Over 2,000 U.S. military veterans plan to form a human shield to protect protesters of a pipeline project near a Native American reservation in North Dakota, organizers said, just ahead of a federal deadline for activists to leave the camp they have been occupying. It is a timely move as protesters were given notice by State officials to vacate the Oceti Sakowin camp, located on U.S. Army Corps of Engineers land near Cannon Ball, North Dakota, citing harsh weather conditions. North Dakota local law enforcement were planning to cut off supplies to the protesters’ camp but quickly reversed that decision as the harsh treatment of protesters has made international media coverage.

Governor Jack Dalrymple, who initiated the emergency order to evacuate the camp, has attempted to re-engage with Standing Rock Sioux Tribal Council to rebuild a relationship.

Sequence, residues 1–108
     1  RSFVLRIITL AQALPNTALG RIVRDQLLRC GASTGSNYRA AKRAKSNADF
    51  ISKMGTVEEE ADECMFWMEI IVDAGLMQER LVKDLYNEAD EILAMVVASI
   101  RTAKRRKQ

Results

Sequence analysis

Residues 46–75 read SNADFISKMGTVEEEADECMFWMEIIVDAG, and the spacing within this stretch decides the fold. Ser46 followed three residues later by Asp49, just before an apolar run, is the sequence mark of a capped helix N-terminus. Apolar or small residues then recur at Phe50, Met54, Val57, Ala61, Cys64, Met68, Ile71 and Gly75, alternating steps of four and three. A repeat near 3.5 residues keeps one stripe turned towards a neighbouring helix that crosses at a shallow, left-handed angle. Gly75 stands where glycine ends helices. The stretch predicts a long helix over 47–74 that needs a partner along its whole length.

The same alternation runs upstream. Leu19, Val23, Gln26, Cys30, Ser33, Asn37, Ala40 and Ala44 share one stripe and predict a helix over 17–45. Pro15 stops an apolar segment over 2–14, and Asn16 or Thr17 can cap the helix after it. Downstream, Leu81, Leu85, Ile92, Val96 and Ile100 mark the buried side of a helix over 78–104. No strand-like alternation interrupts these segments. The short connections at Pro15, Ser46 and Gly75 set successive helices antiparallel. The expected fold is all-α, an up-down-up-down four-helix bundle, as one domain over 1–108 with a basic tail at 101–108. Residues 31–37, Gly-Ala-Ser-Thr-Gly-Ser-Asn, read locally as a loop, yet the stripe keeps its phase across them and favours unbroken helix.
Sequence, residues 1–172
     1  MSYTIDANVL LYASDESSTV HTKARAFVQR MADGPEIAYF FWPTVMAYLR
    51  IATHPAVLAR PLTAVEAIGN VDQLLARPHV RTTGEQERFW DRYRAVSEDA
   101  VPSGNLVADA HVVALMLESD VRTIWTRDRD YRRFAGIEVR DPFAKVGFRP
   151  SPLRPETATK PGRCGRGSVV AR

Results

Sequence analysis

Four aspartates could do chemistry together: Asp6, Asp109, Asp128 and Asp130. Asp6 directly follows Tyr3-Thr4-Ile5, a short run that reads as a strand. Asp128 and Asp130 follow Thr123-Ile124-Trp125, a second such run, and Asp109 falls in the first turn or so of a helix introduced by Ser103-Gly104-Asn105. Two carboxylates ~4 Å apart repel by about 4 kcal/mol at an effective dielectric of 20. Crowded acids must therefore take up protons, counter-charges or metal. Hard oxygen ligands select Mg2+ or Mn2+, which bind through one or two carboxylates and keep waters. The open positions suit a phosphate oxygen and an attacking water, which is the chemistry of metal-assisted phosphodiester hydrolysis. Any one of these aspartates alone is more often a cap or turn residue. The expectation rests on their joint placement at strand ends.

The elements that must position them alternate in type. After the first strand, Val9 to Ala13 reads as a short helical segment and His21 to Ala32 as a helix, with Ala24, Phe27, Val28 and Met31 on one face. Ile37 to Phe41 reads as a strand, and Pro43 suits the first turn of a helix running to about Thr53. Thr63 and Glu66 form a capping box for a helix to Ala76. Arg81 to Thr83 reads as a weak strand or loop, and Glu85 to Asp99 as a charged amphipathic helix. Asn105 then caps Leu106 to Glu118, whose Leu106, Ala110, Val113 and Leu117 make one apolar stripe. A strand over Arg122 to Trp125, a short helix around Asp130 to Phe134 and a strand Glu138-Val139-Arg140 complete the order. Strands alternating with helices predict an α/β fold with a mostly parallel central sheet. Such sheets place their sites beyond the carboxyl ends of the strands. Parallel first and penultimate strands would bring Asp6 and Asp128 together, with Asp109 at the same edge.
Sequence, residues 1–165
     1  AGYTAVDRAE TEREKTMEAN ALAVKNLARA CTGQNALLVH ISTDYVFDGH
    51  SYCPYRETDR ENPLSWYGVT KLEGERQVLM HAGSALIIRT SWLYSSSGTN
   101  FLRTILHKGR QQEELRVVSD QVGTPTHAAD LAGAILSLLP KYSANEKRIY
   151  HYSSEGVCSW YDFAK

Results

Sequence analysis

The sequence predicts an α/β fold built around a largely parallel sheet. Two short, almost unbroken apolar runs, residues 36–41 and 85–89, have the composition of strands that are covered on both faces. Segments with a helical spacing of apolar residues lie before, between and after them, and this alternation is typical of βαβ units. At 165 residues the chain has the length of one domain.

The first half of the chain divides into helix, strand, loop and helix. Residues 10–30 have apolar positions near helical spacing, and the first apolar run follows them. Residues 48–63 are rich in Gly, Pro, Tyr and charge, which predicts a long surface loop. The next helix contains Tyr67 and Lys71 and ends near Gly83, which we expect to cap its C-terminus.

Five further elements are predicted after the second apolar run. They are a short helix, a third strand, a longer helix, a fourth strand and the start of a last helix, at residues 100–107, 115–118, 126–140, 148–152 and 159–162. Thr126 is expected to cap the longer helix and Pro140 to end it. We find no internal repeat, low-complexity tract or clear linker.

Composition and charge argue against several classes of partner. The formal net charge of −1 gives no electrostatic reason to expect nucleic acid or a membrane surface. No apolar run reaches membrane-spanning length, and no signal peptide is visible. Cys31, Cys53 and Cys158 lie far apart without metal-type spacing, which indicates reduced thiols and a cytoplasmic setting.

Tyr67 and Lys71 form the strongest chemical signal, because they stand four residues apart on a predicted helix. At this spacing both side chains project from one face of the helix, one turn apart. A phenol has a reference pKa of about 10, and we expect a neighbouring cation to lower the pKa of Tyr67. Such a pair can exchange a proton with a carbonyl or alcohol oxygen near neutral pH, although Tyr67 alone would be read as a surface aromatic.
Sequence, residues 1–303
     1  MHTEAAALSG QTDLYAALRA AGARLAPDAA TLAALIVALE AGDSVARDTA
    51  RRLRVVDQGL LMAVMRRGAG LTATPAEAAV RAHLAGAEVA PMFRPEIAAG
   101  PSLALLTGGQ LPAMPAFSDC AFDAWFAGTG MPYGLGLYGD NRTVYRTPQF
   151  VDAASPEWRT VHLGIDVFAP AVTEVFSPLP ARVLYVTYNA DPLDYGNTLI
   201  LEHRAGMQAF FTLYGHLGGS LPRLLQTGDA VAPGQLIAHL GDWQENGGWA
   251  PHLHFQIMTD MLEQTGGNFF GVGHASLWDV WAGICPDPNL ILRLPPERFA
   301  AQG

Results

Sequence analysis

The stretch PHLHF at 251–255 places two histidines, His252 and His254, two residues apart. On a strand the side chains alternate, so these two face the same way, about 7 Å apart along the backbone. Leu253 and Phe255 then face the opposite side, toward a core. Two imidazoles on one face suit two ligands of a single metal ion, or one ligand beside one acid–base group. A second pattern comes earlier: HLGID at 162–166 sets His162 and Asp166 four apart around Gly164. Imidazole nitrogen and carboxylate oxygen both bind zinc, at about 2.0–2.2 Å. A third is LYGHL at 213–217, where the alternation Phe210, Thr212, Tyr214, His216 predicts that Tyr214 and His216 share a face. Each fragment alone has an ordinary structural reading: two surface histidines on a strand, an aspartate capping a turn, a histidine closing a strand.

The 1,172-mile (1,885 km) pipeline project, owned by Texas-based Energy Transfer Partners LP (ETP.N), is mostly complete, except for a segment planned to run under Lake Oahe, a reservoir formed by a dam on the Missouri River.

Veterans Stand for Standing Rock, a contingent of more than 2,000 U.S. military veterans, intends to go to North Dakota by this weekend and form a human wall in front of police, protest organizers said on a Facebook page. Organizers could not immediately be reached for comment.

“I figured this was more important than anything else I could be doing,” Guy Dull Knife, 69, a Vietnam War Army veteran, told Reuters at the main camp.

Dull Knife is a member of the Oglala Lakota tribe from the Pine Ridge Reservation of South Dakota, and has been camping at the protest site for months.